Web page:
4. Now say the command "touch" or "target" (whichever word you like best, but pick only one and stick with it).
After you say it extend your fist, click and reward when your pet
5. After many repetitions your hound should start approaching you after your say the command and before you extended your fist (which acts as a visual command or hand signal).
6. You are ready to go to the next step when your furry friend reliably (8 out of 10 times) responds to your verbal command "touch".
Treatment for aggression in dogs requires patience. NEVER move on to the next step before your pooch is ready.
The slower you go, the faster your dog will learn!
Goal: To be able to cue your dog "On" and "Off" a location he does NOT guard. For example, if he guards his crate, then use the sofa. If he guards every piece of furniture in the house, then find a nice location and maybe throw a rug on the floor to start training.
Now you are ready to start using those extra yummy treats. These should be sacred rewards that ONLY come out during these times. Only when working on treating aggression in dogs with territorial resource guarding.
Important: the sequence is as follows
You say the command "on", then you extend your fist as a visual cue to target, then dog touches it and gets onto the piece of furniture, then you say "off", then you extend your fist as a visual target. After your hound gets off, you click and treat!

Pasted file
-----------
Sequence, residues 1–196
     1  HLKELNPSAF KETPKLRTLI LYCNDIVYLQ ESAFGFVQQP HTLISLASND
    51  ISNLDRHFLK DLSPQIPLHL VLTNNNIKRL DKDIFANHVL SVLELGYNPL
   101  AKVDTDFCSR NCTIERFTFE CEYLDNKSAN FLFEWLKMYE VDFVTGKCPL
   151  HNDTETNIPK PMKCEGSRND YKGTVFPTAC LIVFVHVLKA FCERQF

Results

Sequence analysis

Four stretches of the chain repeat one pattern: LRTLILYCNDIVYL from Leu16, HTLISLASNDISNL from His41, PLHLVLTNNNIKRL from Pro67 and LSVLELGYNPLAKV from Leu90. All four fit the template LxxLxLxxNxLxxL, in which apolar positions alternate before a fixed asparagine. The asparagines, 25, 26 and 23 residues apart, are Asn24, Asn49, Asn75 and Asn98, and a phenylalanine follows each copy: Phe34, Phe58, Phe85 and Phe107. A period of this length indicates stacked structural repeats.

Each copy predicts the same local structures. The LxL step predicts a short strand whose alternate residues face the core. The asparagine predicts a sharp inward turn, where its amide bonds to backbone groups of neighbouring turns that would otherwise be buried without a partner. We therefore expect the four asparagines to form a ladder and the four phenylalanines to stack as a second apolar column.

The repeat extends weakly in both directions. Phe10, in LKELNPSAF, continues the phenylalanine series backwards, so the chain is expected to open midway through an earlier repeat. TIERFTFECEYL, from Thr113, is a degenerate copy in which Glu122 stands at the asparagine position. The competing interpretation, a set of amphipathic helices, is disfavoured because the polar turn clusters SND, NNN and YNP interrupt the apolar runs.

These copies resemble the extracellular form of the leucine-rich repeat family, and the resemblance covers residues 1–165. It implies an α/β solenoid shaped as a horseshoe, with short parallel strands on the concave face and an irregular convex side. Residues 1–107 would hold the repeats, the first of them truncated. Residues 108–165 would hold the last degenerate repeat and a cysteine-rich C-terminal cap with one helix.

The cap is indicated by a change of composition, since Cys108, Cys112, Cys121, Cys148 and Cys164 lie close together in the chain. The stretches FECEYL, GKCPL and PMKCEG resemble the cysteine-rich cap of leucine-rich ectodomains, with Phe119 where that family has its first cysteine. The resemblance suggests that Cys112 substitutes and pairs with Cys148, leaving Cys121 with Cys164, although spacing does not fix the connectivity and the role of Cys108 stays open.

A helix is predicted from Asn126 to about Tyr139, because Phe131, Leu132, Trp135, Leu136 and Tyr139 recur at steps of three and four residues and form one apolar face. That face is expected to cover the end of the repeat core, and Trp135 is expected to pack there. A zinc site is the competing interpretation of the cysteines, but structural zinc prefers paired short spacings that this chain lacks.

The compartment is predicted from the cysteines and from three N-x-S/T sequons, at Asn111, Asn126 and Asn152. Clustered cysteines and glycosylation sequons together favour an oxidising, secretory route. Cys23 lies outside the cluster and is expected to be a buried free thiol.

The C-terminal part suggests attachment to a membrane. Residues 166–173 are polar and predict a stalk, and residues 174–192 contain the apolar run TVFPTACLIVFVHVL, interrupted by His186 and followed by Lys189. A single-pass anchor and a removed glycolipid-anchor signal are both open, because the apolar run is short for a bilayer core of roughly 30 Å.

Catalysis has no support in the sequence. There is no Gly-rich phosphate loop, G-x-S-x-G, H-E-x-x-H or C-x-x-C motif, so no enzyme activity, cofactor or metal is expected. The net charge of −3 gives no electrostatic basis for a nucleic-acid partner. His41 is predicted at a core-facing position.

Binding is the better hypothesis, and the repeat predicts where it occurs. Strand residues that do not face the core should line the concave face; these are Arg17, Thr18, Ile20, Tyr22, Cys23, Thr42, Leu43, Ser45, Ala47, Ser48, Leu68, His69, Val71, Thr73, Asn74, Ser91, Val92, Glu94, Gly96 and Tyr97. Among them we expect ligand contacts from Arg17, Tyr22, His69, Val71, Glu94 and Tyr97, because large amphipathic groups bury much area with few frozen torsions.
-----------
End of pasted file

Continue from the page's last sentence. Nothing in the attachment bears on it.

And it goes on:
Goal: To be able to cue your dog onto a piece of furniture he DOES guard.
You are getting the idea right?…we are adding small difficulties one at a time, going SLOWLY is the key to solve aggression in dogs! Be patient and soon you will no longer have a problem of aggression in dogs guarding furniture.
The number of times you need to repeat each step depends entirely on how your dog is reacting. If he is calm and happy, move on to the next step; if not, keep repeating the same step. You will need LOTS of repetition in the beginning, so just be patient. If at any point your dog shows overt signs of aggression (barking or growling) you need to step back. Review systematic desensitization and counterconditioning for more help.